Highest levels of air-borne pollution in London for seven years alarm scientists

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The Independent Online

Air pollution in London has reached its highest level for seven years. Scientists from King's College London said they were "alarmed" at levels of ozone, nitrogen dioxide, sulphur dioxide and PM10 particulates from exhaust fumes over the past six months.

Pollution has reached dangerous levels more times this year than in all of 2002 and in some areas it has been worse than at any time in the past two years combined.

Levels have risen because the wind has brought pollution from France and the Netherlands and still weather in the South-east has led to a concentration of toxins.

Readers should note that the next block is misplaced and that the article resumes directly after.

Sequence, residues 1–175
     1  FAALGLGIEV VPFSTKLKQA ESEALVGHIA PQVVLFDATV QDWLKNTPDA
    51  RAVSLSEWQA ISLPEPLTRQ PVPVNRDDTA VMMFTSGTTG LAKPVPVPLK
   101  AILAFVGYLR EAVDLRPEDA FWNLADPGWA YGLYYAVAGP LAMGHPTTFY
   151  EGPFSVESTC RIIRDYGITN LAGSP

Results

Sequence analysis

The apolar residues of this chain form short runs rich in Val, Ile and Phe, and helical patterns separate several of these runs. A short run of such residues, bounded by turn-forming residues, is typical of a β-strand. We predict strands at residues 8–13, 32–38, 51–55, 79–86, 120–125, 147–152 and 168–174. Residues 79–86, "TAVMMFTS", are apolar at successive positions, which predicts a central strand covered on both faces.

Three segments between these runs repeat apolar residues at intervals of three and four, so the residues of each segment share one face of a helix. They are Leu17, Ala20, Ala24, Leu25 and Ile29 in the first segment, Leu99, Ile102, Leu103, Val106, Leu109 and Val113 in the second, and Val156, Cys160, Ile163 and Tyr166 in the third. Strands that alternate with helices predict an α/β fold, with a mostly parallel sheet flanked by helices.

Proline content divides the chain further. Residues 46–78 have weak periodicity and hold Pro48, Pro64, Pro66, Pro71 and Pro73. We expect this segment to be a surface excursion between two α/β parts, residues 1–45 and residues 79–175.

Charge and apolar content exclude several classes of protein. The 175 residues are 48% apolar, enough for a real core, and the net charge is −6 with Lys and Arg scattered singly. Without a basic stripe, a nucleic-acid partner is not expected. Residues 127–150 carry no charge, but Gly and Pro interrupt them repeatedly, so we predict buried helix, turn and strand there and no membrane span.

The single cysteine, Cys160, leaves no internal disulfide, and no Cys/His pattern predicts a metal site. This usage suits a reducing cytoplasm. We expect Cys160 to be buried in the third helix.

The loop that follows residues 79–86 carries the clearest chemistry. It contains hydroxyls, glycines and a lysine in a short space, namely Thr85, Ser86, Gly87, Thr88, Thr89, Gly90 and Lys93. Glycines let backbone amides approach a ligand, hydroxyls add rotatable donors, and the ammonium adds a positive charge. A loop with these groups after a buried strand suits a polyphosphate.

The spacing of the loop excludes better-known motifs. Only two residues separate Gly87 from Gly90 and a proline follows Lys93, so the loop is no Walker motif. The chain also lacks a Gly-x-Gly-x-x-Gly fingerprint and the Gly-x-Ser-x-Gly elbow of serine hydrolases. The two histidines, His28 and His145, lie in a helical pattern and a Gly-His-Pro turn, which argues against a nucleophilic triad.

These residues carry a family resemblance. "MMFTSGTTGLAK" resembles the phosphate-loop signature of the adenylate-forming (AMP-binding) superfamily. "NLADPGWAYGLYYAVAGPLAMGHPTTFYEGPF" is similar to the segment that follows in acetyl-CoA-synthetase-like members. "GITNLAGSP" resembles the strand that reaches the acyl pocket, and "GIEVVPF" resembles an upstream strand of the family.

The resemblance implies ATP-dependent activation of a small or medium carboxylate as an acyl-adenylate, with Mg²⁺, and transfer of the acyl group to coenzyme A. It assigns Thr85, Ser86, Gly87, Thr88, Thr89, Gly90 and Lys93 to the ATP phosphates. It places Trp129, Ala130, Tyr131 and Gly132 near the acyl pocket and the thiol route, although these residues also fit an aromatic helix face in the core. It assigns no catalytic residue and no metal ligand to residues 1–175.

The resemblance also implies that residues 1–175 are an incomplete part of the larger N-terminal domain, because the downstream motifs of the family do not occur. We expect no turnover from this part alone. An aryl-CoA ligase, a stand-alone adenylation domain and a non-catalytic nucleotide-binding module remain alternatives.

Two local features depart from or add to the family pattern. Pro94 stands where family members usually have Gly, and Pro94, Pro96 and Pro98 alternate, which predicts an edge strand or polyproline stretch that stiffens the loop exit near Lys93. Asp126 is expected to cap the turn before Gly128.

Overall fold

The Environmental Research Group (ERG), which monitors air quality for London, Kent, Hertfordshire and Bedfordshire, said the problem was affecting much of south-east England. Professor Frank Kelly, director of the ERG, said: "It is very clear that the first six months of this year have been very different to the last seven years. It is quite alarming because of the effect that this has on people's health."

In the first six months of this year, air pollution in London has far exceeded safe levels set by the European Union. The EU limits allow for 35 days a year of excessive levels of the particulate PM10 but there have already been 90 days of dangerously high levels this year.

The worst areas are Marylebone Road, where safety limits have been exceeded on 90 days, Old Kent Road (46) and Shaftesbury Avenue (37). The hottest day of the year was Thursday when it was 29.3C (85F) in central London.